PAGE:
16. Binding and functional selectivity of himbacine for cloned and neuronal muscarinic receptors. Miller, J.H., Aagaard, P.J., Gibson, V.A., McKinney, M. J. Pharmacol. Exp. Ther. (1992) [Pubmed]
  17. Comparison of functional antagonism between isoproterenol and M2 muscarinic receptors in guinea pig ileum and trachea. Ostrom, R.S., Ehlert, F.J. J. Pharmacol. Exp. Ther. (1999) [Pubmed]
  18. The binding of a 2-chloroethylamine derivative of oxotremorine (BM 123) to muscarinic receptors in the rat cerebral cortex. Ehlert, F.J., Jenden, D.J. Mol. Pharmacol. (1985) [Pubmed]
  19. An agonist that is selective for adenylate cyclase-coupled muscarinic receptors. Baumgold, J., Drobnick, A. Mol. Pharmacol. (1989) [Pubmed]
  20. Activation of nicotinic acetylcholine receptors patterns network activity in the rodent hippocampus. Cobb, S.R., Bulters, D.O., Suchak, S., Riedel, G., Morris, R.G., Davies, C.H. J. Physiol. (Lond.) (1999) [Pubmed]
  21. Blockade of GABA(B) receptors facilitates muscarinic agonist-induced epileptiform activity in immature rat piriform cortex in vitro. Libri, V., Constanti, A., Postlethwaite, M., Bowery, N.G. Naunyn Schmiedebergs Arch. Pharmacol. (1998) [Pubmed]
  22. Effect of chronic cholinergic denervation on the m1 muscarinic receptor mechanism. Pearce, B.D., Liskowsky, D.R., Potter, L.T. Neurobiol. Aging (1992) [Pubmed]
  23. Regional differences in the coupling of muscarinic receptors to inositol phospholipid hydrolysis in guinea pig brain. Fisher, S.K., Bartus, R.T. J. Neurochem. (1985) [Pubmed]
  24. Modulation of phosphatidylserine synthesis by a muscarinic receptor occupancy in human neuroblastoma cell line LA-N-1. Mikhaevitch, I.S., Singh, I.N., Sorrentino, G., Massarelli, R., Kanfer, J.N. Biochem. J. (1994) [Pubmed]
  25. Protein kinase C shifts the voltage dependence of KCNQ/M channels expressed in Xenopus oocytes. Nakajo, K., Kubo, Y. J. Physiol. (Lond.) (2005) [Pubmed]
  26. Cyclic AMP potentiates receptor-stimulated phosphoinositide hydrolysis in human neuroepithelioma cells. Fisher, S.K., McEwen, E.L., Lovell, S.C., Landon, R.E. Mol. Pharmacol. (1992) [Pubmed]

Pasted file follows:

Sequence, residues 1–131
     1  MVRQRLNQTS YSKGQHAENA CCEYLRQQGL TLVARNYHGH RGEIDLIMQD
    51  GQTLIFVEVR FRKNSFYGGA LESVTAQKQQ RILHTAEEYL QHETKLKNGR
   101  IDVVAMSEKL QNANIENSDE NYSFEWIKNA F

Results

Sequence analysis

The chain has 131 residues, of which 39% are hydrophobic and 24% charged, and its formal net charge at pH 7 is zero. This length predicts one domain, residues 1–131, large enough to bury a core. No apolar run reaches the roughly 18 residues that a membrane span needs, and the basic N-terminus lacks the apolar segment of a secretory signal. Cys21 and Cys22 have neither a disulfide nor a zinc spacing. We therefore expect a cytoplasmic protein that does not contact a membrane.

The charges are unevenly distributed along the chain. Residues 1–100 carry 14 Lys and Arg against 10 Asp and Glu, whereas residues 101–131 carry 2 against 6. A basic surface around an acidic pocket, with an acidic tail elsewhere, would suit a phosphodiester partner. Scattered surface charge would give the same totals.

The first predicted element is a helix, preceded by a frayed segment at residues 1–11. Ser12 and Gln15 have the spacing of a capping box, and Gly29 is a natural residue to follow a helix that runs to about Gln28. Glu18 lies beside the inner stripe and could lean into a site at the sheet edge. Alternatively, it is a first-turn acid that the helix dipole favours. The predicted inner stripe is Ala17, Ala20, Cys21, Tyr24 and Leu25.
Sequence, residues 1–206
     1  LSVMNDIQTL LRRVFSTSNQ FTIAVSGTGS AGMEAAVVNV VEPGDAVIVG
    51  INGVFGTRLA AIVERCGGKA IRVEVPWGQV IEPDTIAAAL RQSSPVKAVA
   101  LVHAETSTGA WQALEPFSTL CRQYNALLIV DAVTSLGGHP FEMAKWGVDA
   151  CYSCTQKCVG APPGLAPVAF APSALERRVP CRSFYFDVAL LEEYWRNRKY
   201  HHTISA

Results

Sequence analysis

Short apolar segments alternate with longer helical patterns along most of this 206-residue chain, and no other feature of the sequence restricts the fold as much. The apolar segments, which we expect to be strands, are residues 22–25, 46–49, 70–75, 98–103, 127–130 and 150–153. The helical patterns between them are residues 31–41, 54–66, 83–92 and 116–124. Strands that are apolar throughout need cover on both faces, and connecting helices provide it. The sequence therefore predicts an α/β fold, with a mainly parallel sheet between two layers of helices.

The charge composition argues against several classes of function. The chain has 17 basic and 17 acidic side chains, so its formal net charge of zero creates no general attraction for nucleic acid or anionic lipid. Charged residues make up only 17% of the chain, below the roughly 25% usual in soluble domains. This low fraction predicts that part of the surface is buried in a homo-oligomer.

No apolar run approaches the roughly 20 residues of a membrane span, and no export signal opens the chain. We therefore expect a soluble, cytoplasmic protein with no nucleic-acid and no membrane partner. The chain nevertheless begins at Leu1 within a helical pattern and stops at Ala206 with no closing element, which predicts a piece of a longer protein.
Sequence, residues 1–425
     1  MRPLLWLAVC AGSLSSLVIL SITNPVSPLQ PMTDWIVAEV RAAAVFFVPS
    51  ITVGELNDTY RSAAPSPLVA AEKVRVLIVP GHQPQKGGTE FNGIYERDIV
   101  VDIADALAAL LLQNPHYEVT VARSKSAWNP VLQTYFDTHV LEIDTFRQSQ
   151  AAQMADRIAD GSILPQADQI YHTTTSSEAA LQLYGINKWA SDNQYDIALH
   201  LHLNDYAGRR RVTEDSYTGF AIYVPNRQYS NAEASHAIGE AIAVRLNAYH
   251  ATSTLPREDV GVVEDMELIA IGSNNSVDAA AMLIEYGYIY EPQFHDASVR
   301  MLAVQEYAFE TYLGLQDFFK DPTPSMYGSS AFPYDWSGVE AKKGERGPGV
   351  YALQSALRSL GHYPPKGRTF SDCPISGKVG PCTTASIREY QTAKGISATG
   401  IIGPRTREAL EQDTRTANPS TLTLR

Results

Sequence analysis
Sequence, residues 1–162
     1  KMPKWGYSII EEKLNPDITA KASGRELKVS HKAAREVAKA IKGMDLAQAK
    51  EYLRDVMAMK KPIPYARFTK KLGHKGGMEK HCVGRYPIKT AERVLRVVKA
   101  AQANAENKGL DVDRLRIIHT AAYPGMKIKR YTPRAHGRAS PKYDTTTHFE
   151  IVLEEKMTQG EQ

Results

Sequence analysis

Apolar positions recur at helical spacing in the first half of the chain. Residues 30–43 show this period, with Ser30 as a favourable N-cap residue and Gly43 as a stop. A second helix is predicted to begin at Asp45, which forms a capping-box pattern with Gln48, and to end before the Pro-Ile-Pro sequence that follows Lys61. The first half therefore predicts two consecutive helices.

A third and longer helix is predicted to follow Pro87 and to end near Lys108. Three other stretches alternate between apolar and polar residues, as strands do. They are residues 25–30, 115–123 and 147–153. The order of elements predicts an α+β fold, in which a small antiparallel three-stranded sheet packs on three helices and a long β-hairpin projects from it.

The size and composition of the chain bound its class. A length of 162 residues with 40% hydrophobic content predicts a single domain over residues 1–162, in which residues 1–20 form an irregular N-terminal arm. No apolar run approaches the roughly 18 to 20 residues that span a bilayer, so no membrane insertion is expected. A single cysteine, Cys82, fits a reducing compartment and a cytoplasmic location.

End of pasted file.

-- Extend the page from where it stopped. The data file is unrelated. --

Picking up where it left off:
27. Positive cooperativity of acetylcholine and other agonists with allosteric ligands on muscarinic acetylcholine receptors. Jakubík, J., Bacáková, L., El-Fakahany, E.E., Tucek, S. Mol. Pharmacol. (1997) [Pubmed]
  28. Muscarinic receptor regulation of cytoplasmic Ca2+ concentrations in human SK-N-SH neuroblastoma cells: Ca2+ requirements for phospholipase C activation. Fisher, S.K., Domask, L.M., Roland, R.M. Mol. Pharmacol. (1989) [Pubmed]
  29. Interactions of agonists with M2 and M4 muscarinic receptor subtypes mediating cyclic AMP inhibition. McKinney, M., Miller, J.H., Gibson, V.A., Nickelson, L., Aksoy, S. Mol. Pharmacol. (1991) [Pubmed]
  30. Activation of M1 muscarinic receptors triggers transmitter release from rat sympathetic neurons through an inhibition of M-type K+ channels. Lechner, S.G., Mayer, M., Boehm, S. J. Physiol. (Lond.) (2003) [Pubmed]
  31. M1 muscarinic receptor signaling in mouse hippocampus and cortex. Porter, A.C., Bymaster, F.P., DeLapp, N.W., Yamada, M., Wess, J., Hamilton, S.E., Nathanson, N.M., Felder, C.C. Brain Res. (2002) [Pubmed]
  32. Extracellular signal regulated protein kinase and c-jun N-terminal kinase are involved in ml muscarinic receptor-enhanced interleukin-2 production pathway in Jurkat cells. Fujino, H., Uehara, T., Murayama, T., Okuma, Y., Ariga, H., Nomura, Y. Biol. Pharm. Bull. (2000) [Pubmed]
  33. Reconstitution of muscarinic modulation of the KCNQ2/KCNQ3 K(+) channels that underlie the neuronal M current. Shapiro, M.S., Roche, J.P., Kaftan, E.J., Cruzblanca, H., Mackie, K., Hille, B. J. Neurosci. (2000) [Pubmed]
  34. Opposing functions of spinal M2, M3, and M4 receptor subtypes in regulation of GABAergic inputs to dorsal horn neurons revealed by muscarinic receptor knockout mice. Zhang, H.M., Chen, S.R., Matsui, M., Gautam, D., Wess, J., Pan, H.L. Mol. Pharmacol. (2006) [Pubmed]
  35. Effects of an alkylating derivative of oxotremorine (BM 123A) on heart rate, muscarinic receptors and adenylate cyclase activity in the rabbit myocardium. Ehlert, F.J. J. Pharmacol. Exp. Ther. (1987) [Pubmed]
  36. Persistent muscarinic excitation in guinea-pig olfactory cortex neurons: involvement of a slow post-stimulus afterdepolarizing current. Constanti, A., Bagetta, G., Libri, V. Neuroscience (1993) [Pubmed]